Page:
The first small piece of the oil-saving energy program President Carter has promised America's trading partners took its next to last step through Congress yesterday.
By a vote of 92 to 6, the Senate approved a House-Senate conference compromise giving the federal government some power to order conversion of industrial and utility plants from oil and natural gas to coal or other fuel.
The measure still must go through the House, which is expected to wait until as much of Carter's program as can be salvaged can be pulled together into one package.
In another energy action, House completed general debate and today will consider amendments to a bill strongly opposed by the railroads that would clear the way for construction of competing pipelines to carry coal slurry - pulverized coal mixed with water - from mine to market.
Carter has had no luck pushing through Congress the energy plan he sent it 15 months ago as the "moral equivalent of war" but he reportedly was much more successful at the just-ended economic summit in Bonn in persuading that the United States will have a national energy program in place by the end of this year.
The president also has said the price of domestic oil would be raised to worls levels by 1980, but did not say how. It could be done by congressional approval of Carter's proposed tax on domestic crude oil, by presedential imposition of import fees on foreign oil, or by Carter letting oil price controls expire next year rather than extending them to 1981 as the law empowers him to do.
The other nations at Bonn have been impatiently waiting for the United States to adopt an energy policy because their economic interests are heavily involved. If America can reduce its oil imports, which cost $45 billion last year and amount nearly half the national consumption, that should strengthen the dollar abroad and permit other countries to sell more goods here cheaper.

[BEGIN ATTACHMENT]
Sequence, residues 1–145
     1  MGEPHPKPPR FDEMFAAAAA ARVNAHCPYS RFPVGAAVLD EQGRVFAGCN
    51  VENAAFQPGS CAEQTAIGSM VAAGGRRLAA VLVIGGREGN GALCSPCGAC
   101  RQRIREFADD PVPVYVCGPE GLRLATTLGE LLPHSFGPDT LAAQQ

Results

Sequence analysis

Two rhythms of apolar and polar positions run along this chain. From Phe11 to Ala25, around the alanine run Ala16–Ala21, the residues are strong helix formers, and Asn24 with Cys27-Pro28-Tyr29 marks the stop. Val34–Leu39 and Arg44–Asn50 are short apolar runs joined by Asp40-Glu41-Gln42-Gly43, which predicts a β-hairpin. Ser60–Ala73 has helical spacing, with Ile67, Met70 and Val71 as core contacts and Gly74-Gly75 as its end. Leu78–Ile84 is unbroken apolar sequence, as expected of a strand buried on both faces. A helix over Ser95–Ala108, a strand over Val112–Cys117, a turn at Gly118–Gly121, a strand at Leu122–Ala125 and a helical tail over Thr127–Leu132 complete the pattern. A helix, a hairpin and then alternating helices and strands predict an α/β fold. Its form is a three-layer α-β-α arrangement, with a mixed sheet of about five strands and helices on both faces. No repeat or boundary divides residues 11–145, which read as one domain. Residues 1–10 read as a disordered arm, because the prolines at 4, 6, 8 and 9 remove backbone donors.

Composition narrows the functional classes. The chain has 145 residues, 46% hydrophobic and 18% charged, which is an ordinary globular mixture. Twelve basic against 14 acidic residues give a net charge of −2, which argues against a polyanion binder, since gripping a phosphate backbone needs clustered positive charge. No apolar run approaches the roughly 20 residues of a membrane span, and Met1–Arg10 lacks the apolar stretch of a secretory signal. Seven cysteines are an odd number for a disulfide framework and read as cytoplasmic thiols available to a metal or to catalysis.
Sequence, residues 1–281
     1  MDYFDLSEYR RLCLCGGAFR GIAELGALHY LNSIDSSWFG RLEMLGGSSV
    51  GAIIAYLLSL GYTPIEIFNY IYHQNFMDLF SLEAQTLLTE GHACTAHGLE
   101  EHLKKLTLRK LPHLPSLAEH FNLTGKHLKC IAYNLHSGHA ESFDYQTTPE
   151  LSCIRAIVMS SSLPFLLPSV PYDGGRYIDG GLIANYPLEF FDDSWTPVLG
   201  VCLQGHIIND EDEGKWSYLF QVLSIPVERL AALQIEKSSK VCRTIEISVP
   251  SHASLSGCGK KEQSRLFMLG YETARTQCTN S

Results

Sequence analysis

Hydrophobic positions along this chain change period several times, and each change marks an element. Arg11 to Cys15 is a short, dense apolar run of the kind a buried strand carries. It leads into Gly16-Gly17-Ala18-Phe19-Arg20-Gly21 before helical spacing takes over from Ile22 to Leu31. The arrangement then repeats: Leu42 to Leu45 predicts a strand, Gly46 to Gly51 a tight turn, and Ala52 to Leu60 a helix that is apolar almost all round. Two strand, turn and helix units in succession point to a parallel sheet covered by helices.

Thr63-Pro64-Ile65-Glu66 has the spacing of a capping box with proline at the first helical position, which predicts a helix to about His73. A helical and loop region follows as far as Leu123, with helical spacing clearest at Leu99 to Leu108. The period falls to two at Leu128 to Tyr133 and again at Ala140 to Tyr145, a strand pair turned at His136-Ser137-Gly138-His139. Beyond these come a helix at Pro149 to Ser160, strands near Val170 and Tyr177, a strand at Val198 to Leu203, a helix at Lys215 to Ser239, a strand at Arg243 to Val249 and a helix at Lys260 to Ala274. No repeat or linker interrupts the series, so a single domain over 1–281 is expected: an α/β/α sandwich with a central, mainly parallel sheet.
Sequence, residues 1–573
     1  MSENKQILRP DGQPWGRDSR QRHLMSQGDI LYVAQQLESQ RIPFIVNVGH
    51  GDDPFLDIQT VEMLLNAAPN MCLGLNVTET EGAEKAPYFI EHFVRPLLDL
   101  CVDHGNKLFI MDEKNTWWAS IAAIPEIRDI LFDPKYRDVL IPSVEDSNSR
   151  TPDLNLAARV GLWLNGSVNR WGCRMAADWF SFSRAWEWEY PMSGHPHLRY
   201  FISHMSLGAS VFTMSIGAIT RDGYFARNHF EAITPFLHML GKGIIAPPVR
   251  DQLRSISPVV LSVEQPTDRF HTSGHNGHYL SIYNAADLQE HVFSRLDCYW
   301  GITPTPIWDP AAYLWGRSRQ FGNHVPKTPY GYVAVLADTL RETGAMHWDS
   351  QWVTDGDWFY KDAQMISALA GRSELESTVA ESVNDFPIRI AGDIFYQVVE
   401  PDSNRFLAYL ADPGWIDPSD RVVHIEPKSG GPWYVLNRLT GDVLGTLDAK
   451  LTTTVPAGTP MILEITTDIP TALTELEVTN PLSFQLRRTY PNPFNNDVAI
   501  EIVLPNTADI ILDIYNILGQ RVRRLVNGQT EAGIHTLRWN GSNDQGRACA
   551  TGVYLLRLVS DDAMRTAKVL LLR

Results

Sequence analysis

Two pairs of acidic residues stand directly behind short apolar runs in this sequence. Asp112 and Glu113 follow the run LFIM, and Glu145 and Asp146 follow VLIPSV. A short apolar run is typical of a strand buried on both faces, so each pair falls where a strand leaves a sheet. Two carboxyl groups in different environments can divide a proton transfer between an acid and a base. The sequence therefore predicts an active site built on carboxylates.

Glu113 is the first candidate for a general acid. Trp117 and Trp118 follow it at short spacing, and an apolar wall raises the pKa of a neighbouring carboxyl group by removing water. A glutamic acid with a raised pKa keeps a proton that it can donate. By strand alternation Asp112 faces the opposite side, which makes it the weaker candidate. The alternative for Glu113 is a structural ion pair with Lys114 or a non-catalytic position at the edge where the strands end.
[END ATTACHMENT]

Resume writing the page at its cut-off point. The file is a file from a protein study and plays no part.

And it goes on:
The coal conversion bill approved by the Senate yesterday provides that most new electric utility and industrial plants shall be build to consume something other than oil or natural gas.
In general, existing utilities must stop using oil by 1990. For existing industrial plants, the government would have to show that conversion was technically and financially feasible before it could force a change.
In all cases, exemptions would be granted where there is no realible supply of coal or where the air pollution caused by burning coal would violate environmental laws or court or-fore it could force a change.
In all cases, exemptions would be granted where there is no reliable supply of coal or whre the air pollution caused by burning coal would violate environmental laws or court orders.
The bill also would outlaw decorative outdoor gas lights - from residences after the first of 1982 and from commercial use six month after regulations are issued by the Dapartment of Energy. Gas lights could remain in historical settings and where needed for light.
Opinions on the bill's impact vary considerably.
Sen. Harrison Schmitt (R.N.M.) opposed it as needless regualtion, saying oil and gas prices are pushing industries to convert to coal as fast as they can in their own interest.
Henry M. Jackson (D. Wash.), leading sponsor of Carter's energy package in the Senate, foresaw the coal bill as saving one million barrells of oil a day by 1985. But Dewey Bartlett (R-Okla.), who also opposed it as unnecessary, said that the administration had never claimed savings of more than 500,000 barrels a day from coal conversion and that congressional changes had probably reduced this to 250,000.
Coal conversion was the easiest part of Carter's five-part energy package on which to win conference agreement. Conferees have agreed on but not completed drafting a catchall encouraging utilities to save energy by such actions as charging less for use of electricity at offpeak hours, and a measure removing federal price controls from newly discovered natural gas by 1985.
The most important part of Carter's energy package is a collection of taxes, chiefly a tax on domestic crude oil to force up the price and cut consumption. Carter calls the oil tax the centerpiece of his program. Most observers think it is dead.